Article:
contamination, this should not happen here in america in the 21st century. yet, families in coal country have been dealing with this for 40 years, so you can imagine how many people's health has been jeopardized by this practice. the stream protection rule that the house is about to block would serve as one of the only safety measures that would protect these families from poison drinking water, higher rates of cancer, lung disease, respiratory illness, cardiovascular disease, birth defects and the countless negative health effects that plague this region. if my colleagues on the other side of the aisle want to block the stream protection rule, they should support my legislation, the appalachian communities health emergency act.our ache this will suspend mountain top permits until the department of health and human services can conduct a comprehensive federal study about the health effects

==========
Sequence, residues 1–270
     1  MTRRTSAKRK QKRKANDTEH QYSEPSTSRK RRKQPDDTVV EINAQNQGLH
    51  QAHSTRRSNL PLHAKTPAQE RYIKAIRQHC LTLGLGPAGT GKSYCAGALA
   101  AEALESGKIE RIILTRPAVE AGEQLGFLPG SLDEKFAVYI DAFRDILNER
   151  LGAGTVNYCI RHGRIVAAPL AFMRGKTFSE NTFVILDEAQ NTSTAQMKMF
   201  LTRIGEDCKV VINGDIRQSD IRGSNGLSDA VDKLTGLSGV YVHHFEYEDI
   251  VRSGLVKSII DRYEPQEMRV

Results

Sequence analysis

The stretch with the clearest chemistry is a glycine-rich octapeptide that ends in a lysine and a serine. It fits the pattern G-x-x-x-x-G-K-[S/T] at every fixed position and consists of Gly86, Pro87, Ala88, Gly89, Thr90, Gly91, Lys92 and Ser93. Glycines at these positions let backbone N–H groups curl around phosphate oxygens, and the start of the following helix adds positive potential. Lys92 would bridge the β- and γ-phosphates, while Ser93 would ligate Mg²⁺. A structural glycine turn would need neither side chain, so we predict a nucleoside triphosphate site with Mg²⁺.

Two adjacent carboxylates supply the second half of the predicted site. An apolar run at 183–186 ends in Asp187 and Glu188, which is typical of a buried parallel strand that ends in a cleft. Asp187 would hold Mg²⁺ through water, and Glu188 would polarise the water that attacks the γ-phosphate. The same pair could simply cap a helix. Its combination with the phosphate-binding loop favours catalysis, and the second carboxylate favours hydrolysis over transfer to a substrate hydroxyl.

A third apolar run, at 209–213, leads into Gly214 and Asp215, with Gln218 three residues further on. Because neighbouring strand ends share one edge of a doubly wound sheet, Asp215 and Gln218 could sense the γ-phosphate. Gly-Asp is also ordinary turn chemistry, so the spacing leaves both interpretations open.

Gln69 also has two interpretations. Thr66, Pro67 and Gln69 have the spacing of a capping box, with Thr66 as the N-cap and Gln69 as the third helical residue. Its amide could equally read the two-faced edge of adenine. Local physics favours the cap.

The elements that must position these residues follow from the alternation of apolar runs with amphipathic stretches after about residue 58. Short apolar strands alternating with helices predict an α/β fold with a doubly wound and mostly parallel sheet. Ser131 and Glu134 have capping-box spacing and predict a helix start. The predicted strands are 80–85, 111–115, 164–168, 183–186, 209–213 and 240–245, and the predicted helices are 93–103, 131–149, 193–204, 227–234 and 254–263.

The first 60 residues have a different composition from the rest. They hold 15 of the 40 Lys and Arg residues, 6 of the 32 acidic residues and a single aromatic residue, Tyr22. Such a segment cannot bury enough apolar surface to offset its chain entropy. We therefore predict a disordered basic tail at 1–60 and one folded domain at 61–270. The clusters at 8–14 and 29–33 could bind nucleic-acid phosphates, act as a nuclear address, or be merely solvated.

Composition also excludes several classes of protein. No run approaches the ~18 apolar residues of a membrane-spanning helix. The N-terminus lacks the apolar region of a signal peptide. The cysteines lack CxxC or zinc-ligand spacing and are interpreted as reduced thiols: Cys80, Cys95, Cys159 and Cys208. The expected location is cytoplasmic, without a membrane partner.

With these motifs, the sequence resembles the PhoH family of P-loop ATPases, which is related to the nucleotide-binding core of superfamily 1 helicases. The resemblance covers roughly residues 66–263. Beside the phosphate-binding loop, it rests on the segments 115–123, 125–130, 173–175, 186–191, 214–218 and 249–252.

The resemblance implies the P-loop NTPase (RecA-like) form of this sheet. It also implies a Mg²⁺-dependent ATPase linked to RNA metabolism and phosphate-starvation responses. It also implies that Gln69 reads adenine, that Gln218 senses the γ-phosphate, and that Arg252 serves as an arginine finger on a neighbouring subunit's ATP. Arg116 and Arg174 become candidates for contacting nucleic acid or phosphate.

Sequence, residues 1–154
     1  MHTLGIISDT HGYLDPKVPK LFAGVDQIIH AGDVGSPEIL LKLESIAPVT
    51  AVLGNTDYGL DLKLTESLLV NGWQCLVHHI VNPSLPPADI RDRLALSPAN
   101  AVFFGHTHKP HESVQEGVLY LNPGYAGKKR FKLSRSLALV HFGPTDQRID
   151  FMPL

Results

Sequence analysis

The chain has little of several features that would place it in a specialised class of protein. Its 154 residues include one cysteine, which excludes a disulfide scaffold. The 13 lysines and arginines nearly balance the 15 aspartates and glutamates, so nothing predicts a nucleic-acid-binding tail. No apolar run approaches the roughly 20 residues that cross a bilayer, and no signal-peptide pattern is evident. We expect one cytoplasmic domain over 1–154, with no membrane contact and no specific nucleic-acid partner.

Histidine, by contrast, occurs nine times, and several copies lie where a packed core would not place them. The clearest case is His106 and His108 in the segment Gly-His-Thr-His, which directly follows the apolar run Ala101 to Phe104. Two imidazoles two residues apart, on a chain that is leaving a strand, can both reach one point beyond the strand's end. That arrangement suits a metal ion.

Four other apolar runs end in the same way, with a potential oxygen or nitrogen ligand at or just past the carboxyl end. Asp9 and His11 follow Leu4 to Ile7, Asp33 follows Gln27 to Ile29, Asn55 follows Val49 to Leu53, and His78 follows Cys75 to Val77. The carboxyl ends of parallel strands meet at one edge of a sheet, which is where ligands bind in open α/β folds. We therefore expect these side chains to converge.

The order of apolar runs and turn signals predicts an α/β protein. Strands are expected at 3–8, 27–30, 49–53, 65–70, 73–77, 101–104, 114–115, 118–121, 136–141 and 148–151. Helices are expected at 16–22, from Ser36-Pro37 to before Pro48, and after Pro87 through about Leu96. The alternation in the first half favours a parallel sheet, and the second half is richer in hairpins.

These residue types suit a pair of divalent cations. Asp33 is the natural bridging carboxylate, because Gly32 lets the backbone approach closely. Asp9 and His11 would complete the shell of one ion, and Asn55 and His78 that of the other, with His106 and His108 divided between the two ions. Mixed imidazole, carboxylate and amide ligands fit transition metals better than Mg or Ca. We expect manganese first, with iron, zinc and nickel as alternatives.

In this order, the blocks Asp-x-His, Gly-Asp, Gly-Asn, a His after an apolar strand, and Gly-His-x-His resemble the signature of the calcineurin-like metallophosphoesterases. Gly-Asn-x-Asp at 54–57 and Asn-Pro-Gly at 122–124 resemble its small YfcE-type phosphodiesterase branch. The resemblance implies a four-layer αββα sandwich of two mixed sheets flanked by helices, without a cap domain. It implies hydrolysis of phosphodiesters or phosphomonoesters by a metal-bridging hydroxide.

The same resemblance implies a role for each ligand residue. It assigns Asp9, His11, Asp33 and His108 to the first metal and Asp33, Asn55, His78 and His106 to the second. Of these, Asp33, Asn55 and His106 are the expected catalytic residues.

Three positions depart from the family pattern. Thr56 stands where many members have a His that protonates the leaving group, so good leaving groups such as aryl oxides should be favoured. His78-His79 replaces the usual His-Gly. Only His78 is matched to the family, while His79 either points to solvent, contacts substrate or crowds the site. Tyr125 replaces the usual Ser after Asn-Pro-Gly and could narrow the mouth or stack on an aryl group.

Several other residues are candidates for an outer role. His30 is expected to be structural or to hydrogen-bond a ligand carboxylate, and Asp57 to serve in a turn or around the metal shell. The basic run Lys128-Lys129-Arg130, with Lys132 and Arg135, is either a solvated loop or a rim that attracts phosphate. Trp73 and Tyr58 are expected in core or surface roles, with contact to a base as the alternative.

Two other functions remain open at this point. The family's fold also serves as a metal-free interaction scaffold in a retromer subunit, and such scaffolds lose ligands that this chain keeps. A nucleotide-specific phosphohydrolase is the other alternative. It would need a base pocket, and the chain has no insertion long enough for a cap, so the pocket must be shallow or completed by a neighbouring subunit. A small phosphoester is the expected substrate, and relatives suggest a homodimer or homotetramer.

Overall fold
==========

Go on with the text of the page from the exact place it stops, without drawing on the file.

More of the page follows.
of this reckless mining method used in my state of kentucky and throughout coal country. i believe mountain top removal should be banned, but at a minimum, we should halt all new permits until the safety of the residents and the surrounding communities is assured. therefore, i urge my colleagues to oppose today's effort to block this potentially life-saving rule and support the ache act. we have failed to protect the families in these communities, and passage of this bill will inflict another blow to their health and well-being. they deserve far better, and i'll make a final offer to my colleagues on the other side. if anybody wants to come and take a drink out of this, i'll withdraw for the ache act and vote for their legislation. i yield back the balance of my time. the speaker pro tempore: the gentleman yields back. the gentleman from utah. i am pleased to recognize for one minute the gentleman from ohio, mr. renacci. the speaker pro tempore: the gentleman from ohio is recognized for one minute. mr. renacci: i thank the gentleman from utah. mr. speaker, in the waning days